Pascale’s work attempts to capture the point where art and science meld. An alchemist at heart, her work begins with observation and experimentation and is steeped in solid scientific research and findings. She studied fine art in Belgium, and subsequently a postgraduate training with the Medical Artists Association in London. She is co-founder and president of BIOMAB, she is curating and organising exhibitions, dissection drawing classes, collaborative art/science projects and conferences. In 2015 she became co-founder and president of ARSIC “Art Researches Science International Collaborations, an international collective where Art and Science become entangled. Pascale is President of AEIMS. She currently lives and works in London as a self-employed artist Artem Medicalis.
Juris has a medical background that supports him in his position as a deputy director of the Pauls Stradiņš Museum of the history of medicine in Riga. Even if he has not been awarded with a historian academic qualification, he has an extensive experience in history of medicine and museology. His mission is to connect the western views with the eastern views of the history of medicine. He is located in Riga, but he is always travelling to Moscow, Saint-Petersburg, Kazan, Berlin, Basel, Barcelona, Milan amongst many others. By meeting a lot of interesting people around the world, he gets inspiration for his projects at the museum and university to further extend them internationally.
Pauls Stradins Museum of History of Medicine bewitched Ieva when she was still a medical student in 2005. Since then she has changed the white coat to white gloves and works there as a researcher and occasionally as a curator.
Currently she takes care of the historical anatomical collection of Riga Stradins University and tries to breathe some creative life back into it.
"Andrew Burd is a Scottish medic. He has dedicated his professional life to metamorphosis; taking a delicate young spirit, trapped in a carapace of scar and through art and anatomy, through the medium of surgery, giving children the freedom to fly. As the eyes dim, the insights grow brighter. Years of laboratory research, academic studies, teaching, training and helping so many patients; I am moving on. I am fascinated by the interface between man and machine. Not just the physical but what about other forms of control/interaction? Bluetooth? Wifi? Upper limb amputation, which would you prefer? Transplantation or prosthesis? Not a simple question but there is a simple answer: bionic prosthesis. 100%. No question. Okay, follow up question. Major traumatic damage or loss to all or part of the face; transplant or mask? Mask? What sort of mask? A bionic mask: an intimate union between materials and biology powered and controlled by a bio-sensory interface. Transplantation is working against nature. The revolution which we are proposing is to work with nature, to combine, to integrate. It works well with smartphones! Great with upper limb smart prostheses. What about bionic facial prostheses? Start small, think big, So here i am, facing the future and looking at future faces."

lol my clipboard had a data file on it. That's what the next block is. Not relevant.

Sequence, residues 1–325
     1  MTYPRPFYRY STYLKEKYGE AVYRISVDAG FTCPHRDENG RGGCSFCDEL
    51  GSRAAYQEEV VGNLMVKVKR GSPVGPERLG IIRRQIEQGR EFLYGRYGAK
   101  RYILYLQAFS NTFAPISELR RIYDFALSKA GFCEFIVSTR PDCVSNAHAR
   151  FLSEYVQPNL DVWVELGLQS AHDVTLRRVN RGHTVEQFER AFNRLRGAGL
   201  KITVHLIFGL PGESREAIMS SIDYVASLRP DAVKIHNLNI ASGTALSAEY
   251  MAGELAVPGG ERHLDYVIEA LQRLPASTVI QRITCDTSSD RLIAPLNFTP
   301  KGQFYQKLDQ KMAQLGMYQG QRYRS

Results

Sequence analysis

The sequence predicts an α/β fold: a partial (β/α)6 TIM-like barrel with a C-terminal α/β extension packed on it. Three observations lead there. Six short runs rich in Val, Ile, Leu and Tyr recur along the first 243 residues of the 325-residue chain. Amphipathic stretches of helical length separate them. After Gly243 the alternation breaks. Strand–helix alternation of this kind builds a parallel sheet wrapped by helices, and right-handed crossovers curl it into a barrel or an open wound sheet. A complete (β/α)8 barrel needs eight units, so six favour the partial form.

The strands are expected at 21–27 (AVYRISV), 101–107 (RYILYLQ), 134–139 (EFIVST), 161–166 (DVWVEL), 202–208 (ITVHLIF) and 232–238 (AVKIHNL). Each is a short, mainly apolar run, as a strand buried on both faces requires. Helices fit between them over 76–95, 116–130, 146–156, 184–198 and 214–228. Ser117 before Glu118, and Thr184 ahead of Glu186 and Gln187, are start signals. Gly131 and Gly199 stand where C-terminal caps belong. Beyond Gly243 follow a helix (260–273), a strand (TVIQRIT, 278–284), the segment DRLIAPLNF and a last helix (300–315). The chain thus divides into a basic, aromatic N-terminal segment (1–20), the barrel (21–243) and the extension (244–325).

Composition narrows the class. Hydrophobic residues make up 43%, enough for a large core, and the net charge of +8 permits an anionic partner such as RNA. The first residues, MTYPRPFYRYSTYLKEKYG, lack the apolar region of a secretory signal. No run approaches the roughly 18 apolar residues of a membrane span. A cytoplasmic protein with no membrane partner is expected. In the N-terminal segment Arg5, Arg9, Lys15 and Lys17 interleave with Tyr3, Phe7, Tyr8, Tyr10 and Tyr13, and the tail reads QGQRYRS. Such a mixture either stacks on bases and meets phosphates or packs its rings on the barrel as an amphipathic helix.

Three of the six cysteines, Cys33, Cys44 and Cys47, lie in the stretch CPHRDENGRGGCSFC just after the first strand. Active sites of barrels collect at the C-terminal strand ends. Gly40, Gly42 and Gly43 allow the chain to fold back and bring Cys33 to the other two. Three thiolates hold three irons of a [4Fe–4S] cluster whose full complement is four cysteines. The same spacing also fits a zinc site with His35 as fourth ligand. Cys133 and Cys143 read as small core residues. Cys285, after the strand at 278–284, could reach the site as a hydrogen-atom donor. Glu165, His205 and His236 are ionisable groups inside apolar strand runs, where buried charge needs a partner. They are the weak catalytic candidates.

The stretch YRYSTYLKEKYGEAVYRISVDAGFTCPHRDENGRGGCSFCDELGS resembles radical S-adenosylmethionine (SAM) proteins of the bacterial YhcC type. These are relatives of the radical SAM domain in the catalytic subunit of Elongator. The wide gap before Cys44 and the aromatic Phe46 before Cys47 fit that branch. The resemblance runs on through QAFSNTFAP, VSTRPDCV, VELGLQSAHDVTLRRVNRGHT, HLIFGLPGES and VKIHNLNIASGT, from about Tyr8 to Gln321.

Barbara Abele is the professor at Art Academy of Latvia in Functional Design and Environmental Art departments. Educated in basics of chemistry with the sure wish to become a physician, near upon the starting of studies she turned her mind verse to the art and design. She is a textile artist/ designer by herself and almost 20 year the design preceptor and visionary in Latvian design and art schools. She is experienced in the different kind of collaboration with industries and governmental sector.
Last five years she is mostly interested in social service design field, how tangible and intangible design aspects and tools could relate to the improvement of the quality of life of the people. Inspiration, implication and motivation of disabled persons is one of the challenges she undertaking together with the BA and MA students. Also the coo-creation in interdisciplinary circumstances is one of the most exciting sort of creativity in art as well as the way of problem solving in design. New changing face of design easily is adapting to the new challenges in social wellbeing, interaction and all kind of mutual communication that is why she is seeking for new fields to be connected with and new borders to be taken down.
Nina Sellars is an artist, writer, and curator, whose research area is the study of anatomy. Her art practice works across the disciplines of art, science and humanities and focuses on the contemporary and historical influence of anatomy on our understanding of body, identity and subjectivity. Sellars’ interest in anatomy has taken her from working in fine art studios and wet anatomy labs to working in physics labs and medical imaging facilities – here she critically engages with the cultural implications of anatomy and its various modes of visualisation. http://www.ninasellars.com/cv/
Andrew Carnie is a studio based artist who teaches at the Winchester School of Art. His artistic practice often involves creative interaction with scientists in different fields, regarding themes and ideas, which are often based around neurology. The work produced from these encounters is often time-based in nature, the works explores how a new sense of self might be constructed through contemporary scientific discovery, imagery, and anatomy.